Published on September 8th, 2023 | by Abdul Saad

ANONYMOUS;CODE Nintendo Switch Review

ANONYMOUS;CODE Nintendo Switch Review Abdul Saad

Summary: While the story could have been fleshed out more, and the interactivity needs a lot of improvement, it doesn't change the fact that Anonymous Code is one of the few visual novels that display a significant amount of effort.


Save and Load

ANONYMOUS;CODE is the latest entry in the fantastic Science Adventure visual novel series. Though announced and delayed several times and released last year in Japan, Western fans finally have the chance to play the game on PC and consoles. As a big fan of the series who played almost every game, my experience with Anonymous Code genuinely impressed me in many ways. It’s just unfortunate that it doesn’t live up to all the narrative elements it presents.

ANONYMOUS;CODE follows a sci-fi-focused overarching narrative consistent with the Science Adventure series but this time, it sports some cyberpunk elements. The game follows Pollon, a sixteen-year-old hacker of the Nakano Symphonies, a duo of hackers doing odd job contracts for money in the futuristic world of 2038. The game wastes no time in teaching players several lore details, like how a disaster similar to Y2K killed several people before the game’s events. Technological reliance is also at an all-time high with devices like the VR-like BMI system that handles all operations, machines and AI are highly prominent, and more. The game starts as Pollon encounters a mysterious girl called Momo out of nowhere and learns she is being chased by the military. After this, his life changes forever as he now not only has to defend himself and figure out why this mysterious girl is being chased but also a new mysterious ability that lets him save and load the world. 

After saving Momo from being captured in the first hour, players will be thrown into new mysterious events and quests. Many of these reference several real-world events and historical stories from the mysterious internet movement and phenomenon such as Cicada 30331 to the catholic belief of the three secrets of Fatima. However, the game’s narrative warps these events with fictional twists in an exciting and compelling way. 

Another aspect of the story that immediately piqued my interest is the concept of Pollon’s powers. As I mentioned earlier, Pollon can save and load his world much like most players do in games. This system is also done in the menu that the player interacts with, much like in most games. This blew my mind upon learning this, as it is particularly a concept I’ve always wanted more games to explore and contributes to the novel’s uniqueness and  how much effort was put into it..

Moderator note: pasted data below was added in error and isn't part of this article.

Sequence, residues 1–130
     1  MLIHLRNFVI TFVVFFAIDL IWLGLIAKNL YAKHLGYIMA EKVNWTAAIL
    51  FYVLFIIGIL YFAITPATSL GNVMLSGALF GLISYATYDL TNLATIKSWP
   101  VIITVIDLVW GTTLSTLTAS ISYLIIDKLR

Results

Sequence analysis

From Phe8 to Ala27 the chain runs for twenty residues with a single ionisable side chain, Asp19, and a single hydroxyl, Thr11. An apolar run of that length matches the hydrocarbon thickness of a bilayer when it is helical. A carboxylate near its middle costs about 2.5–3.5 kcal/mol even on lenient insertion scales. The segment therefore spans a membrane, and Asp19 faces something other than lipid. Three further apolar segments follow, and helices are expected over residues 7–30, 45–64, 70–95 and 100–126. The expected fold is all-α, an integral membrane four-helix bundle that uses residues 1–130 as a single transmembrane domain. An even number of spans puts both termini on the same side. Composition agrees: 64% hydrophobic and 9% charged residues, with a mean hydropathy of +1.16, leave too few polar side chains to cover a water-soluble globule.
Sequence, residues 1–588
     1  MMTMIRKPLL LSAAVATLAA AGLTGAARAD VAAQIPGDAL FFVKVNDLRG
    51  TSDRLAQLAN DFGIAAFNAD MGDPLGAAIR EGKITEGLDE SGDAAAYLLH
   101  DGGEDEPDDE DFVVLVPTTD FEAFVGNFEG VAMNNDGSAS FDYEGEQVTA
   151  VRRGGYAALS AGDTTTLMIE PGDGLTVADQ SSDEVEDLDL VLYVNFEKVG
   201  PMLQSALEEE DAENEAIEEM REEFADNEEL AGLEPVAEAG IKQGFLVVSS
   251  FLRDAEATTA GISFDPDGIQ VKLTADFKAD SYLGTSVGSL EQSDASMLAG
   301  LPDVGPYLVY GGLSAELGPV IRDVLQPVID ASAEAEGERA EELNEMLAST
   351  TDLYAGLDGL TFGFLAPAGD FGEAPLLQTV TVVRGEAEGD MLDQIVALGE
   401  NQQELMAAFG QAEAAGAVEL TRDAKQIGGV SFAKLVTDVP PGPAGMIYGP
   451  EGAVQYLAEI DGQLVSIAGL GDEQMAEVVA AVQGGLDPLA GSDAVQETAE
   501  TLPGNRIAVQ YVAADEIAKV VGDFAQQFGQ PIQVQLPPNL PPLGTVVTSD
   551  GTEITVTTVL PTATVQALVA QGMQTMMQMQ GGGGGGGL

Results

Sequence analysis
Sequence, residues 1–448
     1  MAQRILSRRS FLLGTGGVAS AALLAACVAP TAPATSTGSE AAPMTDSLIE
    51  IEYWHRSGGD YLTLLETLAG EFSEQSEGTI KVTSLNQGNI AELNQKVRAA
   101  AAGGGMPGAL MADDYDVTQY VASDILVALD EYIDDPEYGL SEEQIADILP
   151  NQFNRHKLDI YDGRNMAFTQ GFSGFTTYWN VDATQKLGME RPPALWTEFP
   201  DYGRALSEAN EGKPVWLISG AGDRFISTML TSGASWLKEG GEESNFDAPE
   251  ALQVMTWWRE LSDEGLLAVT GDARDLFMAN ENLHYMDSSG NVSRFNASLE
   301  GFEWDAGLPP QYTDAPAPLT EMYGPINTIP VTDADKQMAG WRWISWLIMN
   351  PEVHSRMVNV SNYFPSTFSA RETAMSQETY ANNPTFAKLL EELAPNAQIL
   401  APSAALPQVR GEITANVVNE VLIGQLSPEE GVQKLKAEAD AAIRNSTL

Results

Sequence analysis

Unfortunately, the system is also very limited. The novel gives players the chance to convince Pollon when to save and load in critical moments but only in very specific scripted moments in the game. Additionally, as this is the only way players are given a chance to influence the game’s narrative, these moments are very vague, appear out of nowhere, and can be pretty confusing, making for an unsatisfying experience that didn’t make me feel like I had many options of controlling the narrative. 

It’s also a shame that the game doesn’t support any actual branching decision-making seen in other games in the series, and I feel a combination of the two mechanics would have helped this problem significantly. Other than that, it’s also worth mentioning that the game tends to drag on a lot in the middle of the story, and as there are barely any moments of interaction, many players may be put off by this.

However, where the game fails with its narrative, it more than makes up for it with its endearing characters and inviting visual aesthetic. Every character in Anonymous Code has unique personalities that help hold the story together. This is primarily seen in Pollon, the game’s charismatic but logical main character with an infectious personality. The way he talks and acts makes him one of my favorite protagonists in a visual novel, mainly because he has a defined, non-generic personality. The English and Japanese voice cast also remarkably depict all the characters and their interesting quirks.

In terms of visuals, ANONYMOUS;CODE is perhaps the best-looking visual novel I’ve played, at least in terms of pure aesthetic. MAGES did a fantastic job of presenting the game and its elements with beautiful illustrations, unique and distinguishable character models, detailed animations, and impressive motions on character models. Unlike in most visual novels, the models have actual facial animations and body movements when talking instead of the usual 2D illustration that swaps faces now and then. Additionally, several scenes in the game are presented with unique comic book panels that especially emphasize the cooler moments in the game.

Final Thoughts?

Overall, ANONYMOUS;CODE is by far one of the coolest Science Adventure games I’ve played. While the story could have been fleshed out more, and the interactivity needs a lot of improvement, it doesn’t change the fact that it is one of the few visual novels that display a significant amount of effort. As such, it is one of the few games that’s an easy recommendation to sci-fi visual novel fans.

About the Author


Abdul Saad is a seasoned entertainment journalist and critic, and has been writing for five years on multiple gaming sites. When he isn't writing or playing the latest JRPG, he can be found coding games of his own or tinkering with something electrical.

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